This past Monday, Oct. 3, Active Minds chapters across the country celebrated National Day Without Stigma. The Active Minds website states that the goal of the day is “to eliminate the shame and discrimination surrounding mental health disorders by creating communities of understanding, support, and help-seeking.” In essence, Day without Stigma embodies the mission of Active Minds as a whole.
Walking around campus, you might have noticed chalk messages about mental health, like “stigma is silence” and “love is louder” on sidewalks. You also might have been a part of our a Day Without Stigma table at Lulu. Our table featured posters, flyers and activities aimed at reaffirming Wellesley’s dedication to combating the stigma surrounding mental health concerns. Here, visitors were invited to sign a poster that read “I Pledge to Fight Mental Health Stigma” or fill out a paper heart answering the prompt “If someone tells me they have a mental illness, I will say…” Students could pick up a number of flyers, including “How to Reduce Stigma” and “Get to Know the Stone Center Counselors.” This year we also demonstrated MyWellesley’s Mental Health Online Screening Program.
Students can access this screening questionnaire through the MyWellesley Administrivia tab under “Especially for Students.” The screening begins by asking the user to choose a statement that describes how they’ve been feeling lately. Statements range from “troubled by traumatic events” to “worried about my drinking habits.” Aiming to determine whether students’ concerns necessitate further treatment, the screening concludes with helpful information about where to find resources on campus should they be necessary. You can take the survey as many times as you would like, and your responses are completely anonymous. Robin, the Director of the Stone Center just gets an update periodically with information about how many students have taken the screening. Your answers and results are completely anonymous. The results of the surveys do not diagnose people with a specific concern they just give people an idea of what they can mention to a counselor. Some people print off their results and bring it to the Stone Center. The screening tool is a great resource to refer your friends to and to check out yourself.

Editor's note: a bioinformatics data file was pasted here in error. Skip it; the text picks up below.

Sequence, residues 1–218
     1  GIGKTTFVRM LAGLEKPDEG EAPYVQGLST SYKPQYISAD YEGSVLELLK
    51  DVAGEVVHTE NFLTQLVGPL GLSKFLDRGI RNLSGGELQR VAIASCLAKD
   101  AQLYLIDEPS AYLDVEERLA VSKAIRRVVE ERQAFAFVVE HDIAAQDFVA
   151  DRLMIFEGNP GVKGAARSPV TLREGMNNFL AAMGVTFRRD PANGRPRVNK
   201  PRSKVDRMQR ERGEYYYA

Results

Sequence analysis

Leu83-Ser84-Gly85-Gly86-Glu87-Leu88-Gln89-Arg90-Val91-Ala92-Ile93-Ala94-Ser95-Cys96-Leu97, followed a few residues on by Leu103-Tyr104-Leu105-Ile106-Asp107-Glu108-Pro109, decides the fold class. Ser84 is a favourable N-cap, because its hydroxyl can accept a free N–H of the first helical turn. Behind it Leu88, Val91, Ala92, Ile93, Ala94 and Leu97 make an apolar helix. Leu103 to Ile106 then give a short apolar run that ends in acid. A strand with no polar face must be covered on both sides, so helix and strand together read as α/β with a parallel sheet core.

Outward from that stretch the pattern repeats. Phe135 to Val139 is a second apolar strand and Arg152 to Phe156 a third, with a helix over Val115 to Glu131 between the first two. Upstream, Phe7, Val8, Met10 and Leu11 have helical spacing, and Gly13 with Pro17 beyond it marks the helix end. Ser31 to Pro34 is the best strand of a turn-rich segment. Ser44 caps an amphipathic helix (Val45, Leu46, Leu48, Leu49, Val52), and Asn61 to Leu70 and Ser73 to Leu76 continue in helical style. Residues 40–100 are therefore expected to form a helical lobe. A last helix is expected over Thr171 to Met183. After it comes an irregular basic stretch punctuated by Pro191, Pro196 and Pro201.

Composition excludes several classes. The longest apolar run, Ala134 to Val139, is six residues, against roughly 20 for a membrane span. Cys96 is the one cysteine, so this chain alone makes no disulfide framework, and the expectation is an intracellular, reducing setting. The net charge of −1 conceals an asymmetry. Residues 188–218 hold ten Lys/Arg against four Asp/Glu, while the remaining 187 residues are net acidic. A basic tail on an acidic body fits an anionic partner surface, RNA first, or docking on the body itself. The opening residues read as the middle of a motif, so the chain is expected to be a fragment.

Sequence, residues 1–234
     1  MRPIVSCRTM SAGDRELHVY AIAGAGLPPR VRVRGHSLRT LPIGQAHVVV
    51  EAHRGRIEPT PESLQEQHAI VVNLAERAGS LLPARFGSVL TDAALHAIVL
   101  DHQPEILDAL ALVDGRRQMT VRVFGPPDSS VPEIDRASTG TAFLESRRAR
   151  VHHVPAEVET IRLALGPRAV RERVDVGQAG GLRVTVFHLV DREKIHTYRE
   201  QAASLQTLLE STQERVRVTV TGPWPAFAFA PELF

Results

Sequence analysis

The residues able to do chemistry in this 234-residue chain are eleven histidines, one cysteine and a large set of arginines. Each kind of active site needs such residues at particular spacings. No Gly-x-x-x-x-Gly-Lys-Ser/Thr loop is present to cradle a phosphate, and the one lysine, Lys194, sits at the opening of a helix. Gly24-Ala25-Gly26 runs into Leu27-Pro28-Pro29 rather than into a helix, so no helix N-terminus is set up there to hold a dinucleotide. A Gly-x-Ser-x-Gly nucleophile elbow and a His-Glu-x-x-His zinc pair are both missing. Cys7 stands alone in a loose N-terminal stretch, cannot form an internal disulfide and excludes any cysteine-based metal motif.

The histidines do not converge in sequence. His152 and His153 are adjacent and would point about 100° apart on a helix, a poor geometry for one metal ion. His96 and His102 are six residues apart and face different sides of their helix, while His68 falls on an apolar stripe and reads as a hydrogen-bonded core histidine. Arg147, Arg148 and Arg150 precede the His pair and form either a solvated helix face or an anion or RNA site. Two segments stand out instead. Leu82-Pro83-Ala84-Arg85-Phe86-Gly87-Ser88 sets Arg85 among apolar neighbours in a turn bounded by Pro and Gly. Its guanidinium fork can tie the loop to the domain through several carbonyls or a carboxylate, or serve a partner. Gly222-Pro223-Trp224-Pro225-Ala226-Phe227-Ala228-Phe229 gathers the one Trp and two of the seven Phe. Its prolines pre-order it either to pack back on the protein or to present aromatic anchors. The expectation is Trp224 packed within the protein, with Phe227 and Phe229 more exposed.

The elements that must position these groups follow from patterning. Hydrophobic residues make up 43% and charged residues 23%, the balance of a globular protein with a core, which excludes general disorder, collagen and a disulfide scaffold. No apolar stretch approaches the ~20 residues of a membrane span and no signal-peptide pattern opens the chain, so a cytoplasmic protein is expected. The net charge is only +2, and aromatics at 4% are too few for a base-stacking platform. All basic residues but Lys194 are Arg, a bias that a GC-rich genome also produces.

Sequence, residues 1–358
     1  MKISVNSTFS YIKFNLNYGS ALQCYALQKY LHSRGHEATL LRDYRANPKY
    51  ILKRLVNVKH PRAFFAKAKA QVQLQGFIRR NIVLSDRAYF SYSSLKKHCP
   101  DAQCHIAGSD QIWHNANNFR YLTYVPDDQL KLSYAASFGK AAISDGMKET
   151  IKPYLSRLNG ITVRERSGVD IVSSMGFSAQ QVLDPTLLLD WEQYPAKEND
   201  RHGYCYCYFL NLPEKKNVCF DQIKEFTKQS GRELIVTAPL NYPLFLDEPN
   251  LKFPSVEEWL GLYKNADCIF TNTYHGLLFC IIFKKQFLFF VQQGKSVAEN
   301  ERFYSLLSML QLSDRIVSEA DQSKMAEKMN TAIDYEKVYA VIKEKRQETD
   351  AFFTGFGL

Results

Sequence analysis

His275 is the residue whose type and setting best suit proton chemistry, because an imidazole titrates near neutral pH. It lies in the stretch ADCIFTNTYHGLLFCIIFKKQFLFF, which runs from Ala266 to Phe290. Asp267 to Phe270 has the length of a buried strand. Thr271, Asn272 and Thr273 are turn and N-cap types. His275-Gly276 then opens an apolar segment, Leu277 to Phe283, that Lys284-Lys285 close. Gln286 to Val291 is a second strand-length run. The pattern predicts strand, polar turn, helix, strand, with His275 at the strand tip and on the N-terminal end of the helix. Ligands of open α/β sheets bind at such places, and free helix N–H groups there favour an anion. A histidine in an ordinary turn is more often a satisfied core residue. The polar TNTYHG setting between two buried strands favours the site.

Of course, any Wellesley student can go to the Stone Center without having a “diagnosable mental illness.” Even if you take the screening and everything seems fine, you can still go. You could think about it this way: chances are you’ll never get access to free therapy after Wellesley. Take advantage of it now!
Talking about the screening tool, National Day Without Stigma and even the fact that you read this column today are all ways to reduce mental health stigma on campus. Sometimes just starting the conversation about mental health can be a big step for helping people around you. Mental health stigma can make people stay silent about mental health concerns. In this way, mental health stigma silences us when we need help the most.
Here’s a list of things that you could do to reduce mental health stigma on campus:
– Talk openly about mental health, mental health disorders and treatment.
– Educate yourself about mental health. Encourage others to do the same.
– Think carefully about your language.
Try not to use words like “psycho” or “lunatic.” These words can paint a stereotypical, misguided and hurtful image about mental illness. Of course, people feel differently about word uses.
– Recognize and respect the difference between disorders and other behavior.
For example, when people say that they’re “OCD” because they prefer to keep their room clean, they paint a different image of mental illness one that’s rooted in mental illness being silly or something that people can just “get over,” rather than the truth.
– Focus on the person, not the illness.
Approach people with mental health conditions with respect, dignity and love.
– Challenge media representations of mental health disorders.
When you see something that looks wrong, speak up! You could say something like, “Wow, I wish the director would have taken my abnormal psychology class. Maybe that would have been a little less ridiculous.”
– Push back against stereotypes or oversimplifications of mental health disorders.
Focusing on facts can help. For example, you could say something like, “I get why you might think that, but I learned that the truth is …”
– Treat mental health illnesses like you would physical injuries and illnesses. Invite others to do the same.
Encourage people to reach out to resources, rather than suggest they focus on trying to get over whatever they’re experiencing.
We hope that National Day Without Stigma inspired you to be a stigma fighter every day.
Stone Center number: 781-283-2839
Active Minds email: firstname.lastname@example.org
Sabrina Leung ‘18 is the Digital Editor majoring in International Relations-Political Science with a minor in History. She is best reached at email@example.com or @sabrinatzleung on Twitter.